Jack Smith is another long-time acquaintance of Neith's, one she's likely to call when she needs help. The laconic electrician got the call when Neith was hit by a car while riding her bike in South Miami last year. "I was getting ready for my kid's birthday party when I got a call to go down to the hospital. I don't think they took very good care of her," Smith says. "They treated her like some homeless woman you could just ignore." Neith's injuries exacerbated her already-crooked back, and now she needs Smith's help to do just about anything. She won't discuss the extent of the damage done in the accident, because she's considering malpractice litigation.
On www.groveartists.com, there is a photograph of Salvador Dalí, taken in 1965 at New York's Howard Wise Gallery arm-in-arm with a beautiful nineteen-year-old woman. She's looking up at the mustachioed master, a half-smile barely dimpling the last remnants of baby fat on her prominent cheekbones, the simple elegance of her cardigan and string of pearls contrasting with Dalí's busily patterned tie and vest.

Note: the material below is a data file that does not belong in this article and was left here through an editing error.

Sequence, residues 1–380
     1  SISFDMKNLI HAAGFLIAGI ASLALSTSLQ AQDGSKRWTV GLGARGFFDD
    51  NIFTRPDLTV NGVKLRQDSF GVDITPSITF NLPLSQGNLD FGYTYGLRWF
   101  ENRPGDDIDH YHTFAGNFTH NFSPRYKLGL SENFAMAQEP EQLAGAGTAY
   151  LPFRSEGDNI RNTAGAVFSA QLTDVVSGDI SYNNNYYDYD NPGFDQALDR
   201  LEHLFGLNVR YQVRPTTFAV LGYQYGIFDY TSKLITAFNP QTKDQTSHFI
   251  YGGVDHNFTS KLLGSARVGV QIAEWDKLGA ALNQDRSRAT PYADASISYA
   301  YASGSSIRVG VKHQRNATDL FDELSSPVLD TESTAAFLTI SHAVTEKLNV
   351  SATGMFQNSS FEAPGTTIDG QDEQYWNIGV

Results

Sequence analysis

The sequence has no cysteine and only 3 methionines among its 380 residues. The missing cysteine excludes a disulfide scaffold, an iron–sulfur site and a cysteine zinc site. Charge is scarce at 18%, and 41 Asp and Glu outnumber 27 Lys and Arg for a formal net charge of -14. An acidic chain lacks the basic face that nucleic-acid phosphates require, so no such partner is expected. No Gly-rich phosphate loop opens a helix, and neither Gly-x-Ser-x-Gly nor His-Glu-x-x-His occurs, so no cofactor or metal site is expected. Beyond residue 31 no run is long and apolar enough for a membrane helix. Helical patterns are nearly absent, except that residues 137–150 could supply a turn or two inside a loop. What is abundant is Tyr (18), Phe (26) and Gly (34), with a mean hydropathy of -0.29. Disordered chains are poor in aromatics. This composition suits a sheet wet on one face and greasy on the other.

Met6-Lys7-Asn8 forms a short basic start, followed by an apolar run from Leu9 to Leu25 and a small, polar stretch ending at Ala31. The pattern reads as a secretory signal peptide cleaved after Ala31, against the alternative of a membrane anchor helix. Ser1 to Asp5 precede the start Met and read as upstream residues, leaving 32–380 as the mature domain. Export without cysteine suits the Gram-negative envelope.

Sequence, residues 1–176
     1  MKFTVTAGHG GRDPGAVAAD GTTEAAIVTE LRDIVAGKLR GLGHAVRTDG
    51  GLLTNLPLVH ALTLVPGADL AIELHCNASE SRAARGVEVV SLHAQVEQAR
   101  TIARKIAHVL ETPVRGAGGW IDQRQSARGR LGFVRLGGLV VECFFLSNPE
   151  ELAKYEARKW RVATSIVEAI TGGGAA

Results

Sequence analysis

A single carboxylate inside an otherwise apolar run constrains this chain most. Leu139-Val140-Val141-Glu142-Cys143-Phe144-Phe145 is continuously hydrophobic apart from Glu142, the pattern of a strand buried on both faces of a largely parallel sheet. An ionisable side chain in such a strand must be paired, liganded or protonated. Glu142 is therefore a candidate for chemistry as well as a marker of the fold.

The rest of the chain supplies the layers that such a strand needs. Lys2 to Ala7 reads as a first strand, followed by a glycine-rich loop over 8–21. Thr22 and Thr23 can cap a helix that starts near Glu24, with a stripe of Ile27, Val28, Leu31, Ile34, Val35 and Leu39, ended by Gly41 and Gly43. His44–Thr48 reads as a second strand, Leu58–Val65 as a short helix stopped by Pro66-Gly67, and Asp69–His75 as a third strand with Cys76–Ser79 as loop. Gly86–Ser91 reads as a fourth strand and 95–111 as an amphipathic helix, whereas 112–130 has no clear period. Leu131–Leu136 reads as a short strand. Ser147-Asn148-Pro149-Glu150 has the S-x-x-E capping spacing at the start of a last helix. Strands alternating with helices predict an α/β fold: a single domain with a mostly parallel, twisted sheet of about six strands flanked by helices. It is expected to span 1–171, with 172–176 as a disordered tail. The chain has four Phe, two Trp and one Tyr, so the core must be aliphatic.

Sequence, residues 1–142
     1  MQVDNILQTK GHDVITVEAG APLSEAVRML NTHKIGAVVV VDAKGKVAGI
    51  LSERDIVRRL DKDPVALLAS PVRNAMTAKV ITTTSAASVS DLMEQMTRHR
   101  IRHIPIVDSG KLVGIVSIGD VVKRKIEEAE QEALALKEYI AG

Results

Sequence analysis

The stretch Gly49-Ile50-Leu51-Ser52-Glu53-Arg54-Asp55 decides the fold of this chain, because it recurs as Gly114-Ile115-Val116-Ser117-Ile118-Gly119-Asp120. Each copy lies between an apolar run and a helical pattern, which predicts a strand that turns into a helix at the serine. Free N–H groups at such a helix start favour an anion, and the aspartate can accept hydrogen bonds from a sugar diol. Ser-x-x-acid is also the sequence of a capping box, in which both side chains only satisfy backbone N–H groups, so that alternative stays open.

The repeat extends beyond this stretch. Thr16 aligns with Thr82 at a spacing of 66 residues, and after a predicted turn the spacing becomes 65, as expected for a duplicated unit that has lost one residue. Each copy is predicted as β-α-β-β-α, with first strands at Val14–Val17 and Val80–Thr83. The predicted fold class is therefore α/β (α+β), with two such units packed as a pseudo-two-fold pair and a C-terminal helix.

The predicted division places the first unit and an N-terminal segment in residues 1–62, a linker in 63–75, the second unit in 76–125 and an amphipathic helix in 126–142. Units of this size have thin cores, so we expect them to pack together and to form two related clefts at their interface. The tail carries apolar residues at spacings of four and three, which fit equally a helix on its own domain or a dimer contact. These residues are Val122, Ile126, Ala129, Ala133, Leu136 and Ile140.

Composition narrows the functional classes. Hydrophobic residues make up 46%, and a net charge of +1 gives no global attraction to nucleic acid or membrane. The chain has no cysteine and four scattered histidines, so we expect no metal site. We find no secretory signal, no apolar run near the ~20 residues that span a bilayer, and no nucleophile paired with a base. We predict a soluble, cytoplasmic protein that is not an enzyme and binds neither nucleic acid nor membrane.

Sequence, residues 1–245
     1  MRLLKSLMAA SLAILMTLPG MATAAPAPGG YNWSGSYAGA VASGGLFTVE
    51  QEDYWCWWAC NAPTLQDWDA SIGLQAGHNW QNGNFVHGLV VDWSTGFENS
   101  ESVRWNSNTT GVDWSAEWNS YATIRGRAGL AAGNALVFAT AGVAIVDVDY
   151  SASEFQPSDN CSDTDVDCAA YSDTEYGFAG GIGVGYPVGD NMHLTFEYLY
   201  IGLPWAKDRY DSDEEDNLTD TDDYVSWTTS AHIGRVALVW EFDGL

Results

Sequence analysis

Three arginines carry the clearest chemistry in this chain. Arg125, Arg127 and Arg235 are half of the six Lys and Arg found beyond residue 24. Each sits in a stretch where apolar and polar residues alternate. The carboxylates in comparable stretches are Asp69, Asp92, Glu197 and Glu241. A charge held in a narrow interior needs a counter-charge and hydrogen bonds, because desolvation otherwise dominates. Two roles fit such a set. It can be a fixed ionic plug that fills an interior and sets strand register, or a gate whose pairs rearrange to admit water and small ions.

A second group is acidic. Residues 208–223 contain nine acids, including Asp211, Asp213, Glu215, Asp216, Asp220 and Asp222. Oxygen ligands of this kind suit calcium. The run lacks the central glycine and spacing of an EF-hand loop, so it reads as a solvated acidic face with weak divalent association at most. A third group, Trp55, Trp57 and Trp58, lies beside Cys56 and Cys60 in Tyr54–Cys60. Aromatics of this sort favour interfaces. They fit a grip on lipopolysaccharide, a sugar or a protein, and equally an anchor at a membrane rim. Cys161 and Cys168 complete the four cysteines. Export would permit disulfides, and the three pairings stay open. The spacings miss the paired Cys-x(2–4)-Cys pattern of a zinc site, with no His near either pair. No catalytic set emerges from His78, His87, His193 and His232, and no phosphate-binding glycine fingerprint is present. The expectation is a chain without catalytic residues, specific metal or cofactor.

Neith (top) resembles her grandmother (bottom), the renowned artist Louise Nevelson, but she has never achieved the same success; she calls her paintings a sort of emotional barometer -- the more colorful they are, the more disturbed she was while painting them
Thirty-nine years later Neith Nevelson hobbles across her porch, trying to catch the chicken. She says she doesn't care about her artistic legacy. "I just want people to think of me as a survivor," she says, shooing the bird away from the edge of the porch. "I don't care about any of it. I just want people to say I was tough, like some biblical woman."